Foremost Family Health Centers’ project promote awareness solutions to healthcare inequities.
BY SHEFALI KONDA – PUBLISHED IN HEALTHCARE BUSINESS – JUNE 16, 2021 9:00 AM
Dallas community health center Foremost Family Health Centers (FFHC) is producing a documentary about healthcare disparities exposed by COVID-19. The film, A Deficit of Virtue: Healthcare In America, focuses on the differential impacts of the pandemic on Black communities.
According to a study led by Yale researchers, Black Americans are 3.5 times more likely to die of COVID-19 than White Americans, and the film explores the causes of this disparity, including the historical inequities in medical care and why Black populations are more suspicious of vaccines. It features interviews from leaders in the Dallas community, including a church pastor, a state representative, and local doctors. Produced by Lindell Singleton, the documentary will come out this fall.
Joyce Tapley, CEO of FFHC, says she hopes the documentary sparks a conversation about solutions and promotes awareness of healthcare issues. “I’m hoping that we can reach people who will understand the importance of primary healthcare, going to your doctor on a regular basis, and if you don’t have one, to get one,” she says. “My mission is to get to the vulnerable populations and provide world-class quality healthcare.”
Tapley says her interest in addressing healthcare inequities was sparked when her father, a retired veteran, was denied access to healthcare despite his heart issues. “I had to claw tooth and nail and have my father expand on his issues and say some things that would trigger the provider to run the test,” Tapley says. “But it took my dad having to go through my coaching to go through multiple providers and explaining all of what was going on to him before he had the test.”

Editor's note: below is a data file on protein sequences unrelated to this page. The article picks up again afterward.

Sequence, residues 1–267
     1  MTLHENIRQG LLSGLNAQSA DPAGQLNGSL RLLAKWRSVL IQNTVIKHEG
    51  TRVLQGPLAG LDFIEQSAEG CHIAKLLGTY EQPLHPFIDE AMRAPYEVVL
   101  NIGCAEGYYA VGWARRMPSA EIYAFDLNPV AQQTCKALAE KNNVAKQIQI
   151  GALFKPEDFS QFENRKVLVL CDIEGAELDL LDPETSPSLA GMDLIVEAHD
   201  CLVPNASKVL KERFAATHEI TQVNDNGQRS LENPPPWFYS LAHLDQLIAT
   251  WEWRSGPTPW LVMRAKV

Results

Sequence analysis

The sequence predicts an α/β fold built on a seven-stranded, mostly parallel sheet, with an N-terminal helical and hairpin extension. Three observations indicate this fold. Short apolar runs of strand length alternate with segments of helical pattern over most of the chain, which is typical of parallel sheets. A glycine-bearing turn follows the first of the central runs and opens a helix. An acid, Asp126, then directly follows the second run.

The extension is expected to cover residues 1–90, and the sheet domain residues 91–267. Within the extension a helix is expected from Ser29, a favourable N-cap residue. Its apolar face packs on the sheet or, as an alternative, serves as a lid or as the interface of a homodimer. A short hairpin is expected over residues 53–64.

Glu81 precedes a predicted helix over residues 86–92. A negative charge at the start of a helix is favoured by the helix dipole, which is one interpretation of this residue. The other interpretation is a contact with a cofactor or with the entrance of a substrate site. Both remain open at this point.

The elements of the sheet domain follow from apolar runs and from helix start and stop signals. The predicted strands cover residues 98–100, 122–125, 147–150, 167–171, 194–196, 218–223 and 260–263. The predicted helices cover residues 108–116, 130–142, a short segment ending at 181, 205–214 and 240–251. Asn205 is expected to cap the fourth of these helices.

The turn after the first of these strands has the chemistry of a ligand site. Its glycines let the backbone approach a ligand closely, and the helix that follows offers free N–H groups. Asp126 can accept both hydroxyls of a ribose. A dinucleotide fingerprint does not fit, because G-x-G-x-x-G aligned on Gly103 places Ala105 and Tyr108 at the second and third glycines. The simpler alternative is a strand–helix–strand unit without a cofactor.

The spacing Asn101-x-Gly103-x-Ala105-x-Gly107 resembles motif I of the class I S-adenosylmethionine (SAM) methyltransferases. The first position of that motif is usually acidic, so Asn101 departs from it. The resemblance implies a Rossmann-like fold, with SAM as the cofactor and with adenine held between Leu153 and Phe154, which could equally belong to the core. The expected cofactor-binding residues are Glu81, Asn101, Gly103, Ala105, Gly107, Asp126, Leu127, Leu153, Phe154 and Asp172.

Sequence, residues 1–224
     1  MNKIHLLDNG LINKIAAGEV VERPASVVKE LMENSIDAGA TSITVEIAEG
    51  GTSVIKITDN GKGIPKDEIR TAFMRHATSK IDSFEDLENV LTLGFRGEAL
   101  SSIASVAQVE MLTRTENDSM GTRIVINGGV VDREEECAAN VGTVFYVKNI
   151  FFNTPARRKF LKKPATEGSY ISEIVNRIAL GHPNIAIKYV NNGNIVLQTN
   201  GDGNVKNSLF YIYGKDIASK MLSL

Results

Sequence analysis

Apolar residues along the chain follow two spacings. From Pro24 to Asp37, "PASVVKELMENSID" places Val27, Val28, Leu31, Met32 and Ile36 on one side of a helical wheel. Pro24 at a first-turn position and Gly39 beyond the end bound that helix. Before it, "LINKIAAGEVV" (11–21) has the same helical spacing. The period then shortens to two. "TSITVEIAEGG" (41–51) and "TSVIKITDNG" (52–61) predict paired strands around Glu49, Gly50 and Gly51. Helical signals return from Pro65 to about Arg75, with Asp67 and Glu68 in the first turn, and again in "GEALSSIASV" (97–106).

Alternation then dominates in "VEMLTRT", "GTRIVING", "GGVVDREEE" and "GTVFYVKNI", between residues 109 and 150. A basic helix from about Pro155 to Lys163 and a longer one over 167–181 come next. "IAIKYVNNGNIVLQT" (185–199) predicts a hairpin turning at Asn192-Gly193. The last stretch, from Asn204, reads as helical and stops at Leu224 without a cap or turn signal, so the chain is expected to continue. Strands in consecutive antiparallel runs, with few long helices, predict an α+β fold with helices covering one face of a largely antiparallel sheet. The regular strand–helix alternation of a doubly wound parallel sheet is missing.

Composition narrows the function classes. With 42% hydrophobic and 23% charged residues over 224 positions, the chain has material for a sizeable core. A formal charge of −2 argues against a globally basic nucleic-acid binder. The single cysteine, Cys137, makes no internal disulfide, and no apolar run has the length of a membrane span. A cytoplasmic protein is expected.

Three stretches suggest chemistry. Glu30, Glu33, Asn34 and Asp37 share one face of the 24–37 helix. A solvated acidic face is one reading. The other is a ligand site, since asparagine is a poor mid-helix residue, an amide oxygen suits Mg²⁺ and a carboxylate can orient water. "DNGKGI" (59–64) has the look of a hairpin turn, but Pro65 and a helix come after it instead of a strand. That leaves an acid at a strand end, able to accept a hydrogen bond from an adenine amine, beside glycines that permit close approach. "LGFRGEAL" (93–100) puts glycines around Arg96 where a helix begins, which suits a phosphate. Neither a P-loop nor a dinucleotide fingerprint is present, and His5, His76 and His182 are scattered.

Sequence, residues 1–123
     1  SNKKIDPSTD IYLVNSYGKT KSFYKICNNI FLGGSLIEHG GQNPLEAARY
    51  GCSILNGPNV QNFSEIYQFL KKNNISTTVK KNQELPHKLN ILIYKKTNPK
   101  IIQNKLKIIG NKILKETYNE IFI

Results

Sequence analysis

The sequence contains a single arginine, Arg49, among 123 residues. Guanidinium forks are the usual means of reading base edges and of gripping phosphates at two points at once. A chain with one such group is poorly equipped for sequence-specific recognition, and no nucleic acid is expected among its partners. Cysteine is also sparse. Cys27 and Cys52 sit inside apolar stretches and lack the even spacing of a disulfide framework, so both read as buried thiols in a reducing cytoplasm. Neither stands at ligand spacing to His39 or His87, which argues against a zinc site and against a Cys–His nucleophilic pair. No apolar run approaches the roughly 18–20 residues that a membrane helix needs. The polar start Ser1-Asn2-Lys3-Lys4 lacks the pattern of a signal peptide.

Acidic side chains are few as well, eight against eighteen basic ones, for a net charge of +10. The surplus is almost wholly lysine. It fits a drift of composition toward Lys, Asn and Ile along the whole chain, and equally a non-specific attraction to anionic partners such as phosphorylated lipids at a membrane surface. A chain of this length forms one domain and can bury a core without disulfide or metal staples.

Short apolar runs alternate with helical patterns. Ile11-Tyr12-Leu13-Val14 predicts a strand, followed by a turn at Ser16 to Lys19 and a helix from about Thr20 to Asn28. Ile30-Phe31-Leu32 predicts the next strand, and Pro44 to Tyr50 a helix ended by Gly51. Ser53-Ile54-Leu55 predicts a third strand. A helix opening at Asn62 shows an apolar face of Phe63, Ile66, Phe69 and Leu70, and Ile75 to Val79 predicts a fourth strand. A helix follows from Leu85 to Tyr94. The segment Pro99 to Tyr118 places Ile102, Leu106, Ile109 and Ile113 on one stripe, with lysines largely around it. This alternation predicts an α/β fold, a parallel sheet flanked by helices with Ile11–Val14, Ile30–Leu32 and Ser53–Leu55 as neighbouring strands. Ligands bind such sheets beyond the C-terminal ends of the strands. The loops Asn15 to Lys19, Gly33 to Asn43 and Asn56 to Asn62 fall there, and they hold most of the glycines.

Once the hospital finally ran the tests, they found out that he had four arteries blocked and had quadruple bypass surgery. “If this happens to a black man who is a decorated veteran, what happens to the regular everyday folks?” Tapley says.
FFHC provides primary care services in under-served communities and has two locations. Tapley says she wants to expand the health center to four more areas. The health center expands access to healthcare services through several measures. The staff conduct community surveys and need assessments to get feedback and determine what services people in the area need.
As the CEO of FFHC, Tapley reports to a community board of directors, where 51 percent of the board are patients of the center. “When there are issues that come up like how much we charge and sliding fee discounts, our patients provide feedback on what they want to see in terms of access, services, and fees,” she says.
Environmental factors in marginalized communities contribute to health issues. “There are areas where people live, and there are not enough grocery stores in their area for them to be able to access healthy foods, healthy fruits and vegetables, organic foods, good meat and produce,” Tapley says. “Those are all issues that affect a person’s lifestyle and their health.”
Tapley says the pandemic highlighted the inequities in the healthcare system, with marginalized communities, including Hispanic and Black populations lacking access to providers. In August 2020, about 40 percent of Black patients reported not being able to receive one or more types of care in the last two months for reasons related to the pandemic, according to a survey by the CDC.
“It’s shown that the United States, as wealthy as it is, can do a lot better,” Tapley says. “We need to reach out and care for those who don’t have access and don’t have the funds. We need more community-based health centers.”
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